Philosophy Lexicon of Arguments

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Models, philosophy, logic: A model is obtained when a logical formula provides true statements by inserting objects instead of the free variables. One problem is the exclusion of unintended models. See also model theory.

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Annotation: The above characterizations of concepts are neither definitions nor exhausting presentations of problems related to them. Instead, they are intended to give a short introduction to the contributions below. – Lexicon of Arguments.

 
Author Item Excerpt Meta data

 
Books on Amazon
I 47
Model / Fraassen: represents the worlds which are allowed by the theory - unintended models: e.g. the theory that the center of the solar system may have any constant speed allows different speeds (> class of models) and something else than motions too! - So an empirically adequate theory can go beyond the data. - ((s) > Empirical underdetermination by the data) - problem: then you can still believe that any theory of a family of theories is wrong - and therefore their common part is wrong! - Common part: may be paraphrased as "one of the models of the theories represents the world correctly". - ((s) and this may be wrong!) - common part: is often not empirically important.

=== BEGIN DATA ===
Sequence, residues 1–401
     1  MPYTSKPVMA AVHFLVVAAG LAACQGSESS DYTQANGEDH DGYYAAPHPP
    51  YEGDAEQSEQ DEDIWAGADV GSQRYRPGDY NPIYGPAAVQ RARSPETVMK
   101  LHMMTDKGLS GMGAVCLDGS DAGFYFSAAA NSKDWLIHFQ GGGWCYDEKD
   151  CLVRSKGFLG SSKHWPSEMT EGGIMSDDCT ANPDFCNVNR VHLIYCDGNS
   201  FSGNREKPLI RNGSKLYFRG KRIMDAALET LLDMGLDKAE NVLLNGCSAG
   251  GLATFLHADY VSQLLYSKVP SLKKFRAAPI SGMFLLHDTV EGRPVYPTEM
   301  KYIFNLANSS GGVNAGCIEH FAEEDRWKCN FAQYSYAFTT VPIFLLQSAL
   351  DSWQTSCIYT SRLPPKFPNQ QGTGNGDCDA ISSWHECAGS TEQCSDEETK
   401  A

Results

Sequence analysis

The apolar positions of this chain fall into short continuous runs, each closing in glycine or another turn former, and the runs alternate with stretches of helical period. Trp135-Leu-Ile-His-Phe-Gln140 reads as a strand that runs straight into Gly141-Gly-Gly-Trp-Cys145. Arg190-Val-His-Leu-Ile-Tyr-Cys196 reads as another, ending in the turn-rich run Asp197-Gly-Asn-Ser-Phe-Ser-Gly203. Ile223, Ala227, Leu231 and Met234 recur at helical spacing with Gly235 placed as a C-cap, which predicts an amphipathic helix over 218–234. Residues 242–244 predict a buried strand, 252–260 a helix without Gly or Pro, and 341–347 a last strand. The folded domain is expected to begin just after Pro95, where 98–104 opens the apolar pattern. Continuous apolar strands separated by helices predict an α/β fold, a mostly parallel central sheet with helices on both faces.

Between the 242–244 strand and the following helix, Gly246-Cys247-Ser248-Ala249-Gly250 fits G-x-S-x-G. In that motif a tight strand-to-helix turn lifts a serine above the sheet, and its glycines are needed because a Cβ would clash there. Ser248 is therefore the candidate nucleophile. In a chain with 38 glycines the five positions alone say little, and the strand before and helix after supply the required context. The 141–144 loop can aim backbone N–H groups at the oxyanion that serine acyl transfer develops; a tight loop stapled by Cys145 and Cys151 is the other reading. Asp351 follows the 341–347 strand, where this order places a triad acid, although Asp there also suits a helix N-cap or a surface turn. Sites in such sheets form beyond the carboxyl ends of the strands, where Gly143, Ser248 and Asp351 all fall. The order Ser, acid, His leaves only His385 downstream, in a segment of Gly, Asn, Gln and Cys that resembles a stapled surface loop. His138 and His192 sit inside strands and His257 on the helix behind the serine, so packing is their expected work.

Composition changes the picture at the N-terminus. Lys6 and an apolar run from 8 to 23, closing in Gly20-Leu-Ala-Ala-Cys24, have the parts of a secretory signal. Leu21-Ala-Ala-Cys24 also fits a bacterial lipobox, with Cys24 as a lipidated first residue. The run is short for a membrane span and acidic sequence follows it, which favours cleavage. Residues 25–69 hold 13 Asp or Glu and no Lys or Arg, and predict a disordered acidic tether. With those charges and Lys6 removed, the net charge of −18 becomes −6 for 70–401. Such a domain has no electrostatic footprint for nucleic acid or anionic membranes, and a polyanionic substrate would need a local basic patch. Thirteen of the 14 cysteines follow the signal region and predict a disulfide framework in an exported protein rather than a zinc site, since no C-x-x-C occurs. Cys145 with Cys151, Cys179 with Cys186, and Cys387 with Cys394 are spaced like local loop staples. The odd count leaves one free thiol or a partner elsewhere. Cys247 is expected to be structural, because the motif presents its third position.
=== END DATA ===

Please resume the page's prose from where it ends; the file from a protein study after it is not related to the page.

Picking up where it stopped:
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Explanation of symbols: Roman numerals indicate the source, arabic numerals indicate the page number. The corresponding books are indicated on the right hand side. ((s)…): Comment by the sender of the contribution.

Fr I
B. van Fraassen
The Scientific Image Oxford 1980


> Counter arguments against Fraassen
> Counter arguments in relation to Models



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Ed. Martin Schulz, access date 2017-07-27